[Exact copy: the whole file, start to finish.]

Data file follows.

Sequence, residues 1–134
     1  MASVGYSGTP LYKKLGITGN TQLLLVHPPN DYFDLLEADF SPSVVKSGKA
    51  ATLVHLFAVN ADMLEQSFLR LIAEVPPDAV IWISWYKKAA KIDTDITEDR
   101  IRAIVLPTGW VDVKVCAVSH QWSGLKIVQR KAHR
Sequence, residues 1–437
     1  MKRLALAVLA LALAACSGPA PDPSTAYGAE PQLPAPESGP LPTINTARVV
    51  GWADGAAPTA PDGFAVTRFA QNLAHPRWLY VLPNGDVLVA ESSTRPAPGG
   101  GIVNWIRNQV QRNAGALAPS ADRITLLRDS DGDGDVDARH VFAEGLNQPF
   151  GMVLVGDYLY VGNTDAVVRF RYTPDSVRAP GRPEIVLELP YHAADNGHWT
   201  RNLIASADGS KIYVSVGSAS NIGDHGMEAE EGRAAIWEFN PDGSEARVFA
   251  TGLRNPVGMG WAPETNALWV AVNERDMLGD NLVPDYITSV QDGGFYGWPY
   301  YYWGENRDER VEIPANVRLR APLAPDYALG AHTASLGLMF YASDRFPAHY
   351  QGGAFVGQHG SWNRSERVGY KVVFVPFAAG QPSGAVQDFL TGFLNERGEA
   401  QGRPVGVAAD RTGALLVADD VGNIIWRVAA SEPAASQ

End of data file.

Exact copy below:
Sequence, residues 1–134
     1  MASVGYSGTP LYKKLGITGN TQLLLVHPPN DYFDLLEADF SPSVVKSGKA
    51  ATLVHLFAVN ADMLEQSFLR LIAEVPPDAV IWISWYKKAA KIDTDITEDR
   101  IRAIVLPTGW VDVKVCAVSH QWSGLKIVQR KAHR
Sequence, residues 1–437
     1  MKRLALAVLA LALAACSGPA PDPSTAYGAE PQLPAPESGP LPTINTARVV
    51  GWADGAAPTA PDGFAVTRFA QNLAHPRWLY VLPNGDVLVA ESSTRPAPGG
   101  GIVNWIRNQV QRNAGALAPS ADRITLLRDS DGDGDVDARH VFAEGLNQPF
   151  GMVLVGDYLY VGNTDAVVRF RYTPDSVRAP GRPEIVLELP YHAADNGHWT
   201  RNLIASADGS KIYVSVGSAS NIGDHGMEAE EGRAAIWEFN PDGSEARVFA
   251  TGLRNPVGMG WAPETNALWV AVNERDMLGD NLVPDYITSV QDGGFYGWPY
   301  YYWGENRDER VEIPANVRLR APLAPDYALG AHTASLGLMF YASDRFPAHY
   351  QGGAFVGQHG SWNRSERVGY KVVFVPFAAG QPSGAVQDFL TGFLNERGEA
   401  QGRPVGVAAD RTGALLVADD VGNIIWRVAA SEPAASQ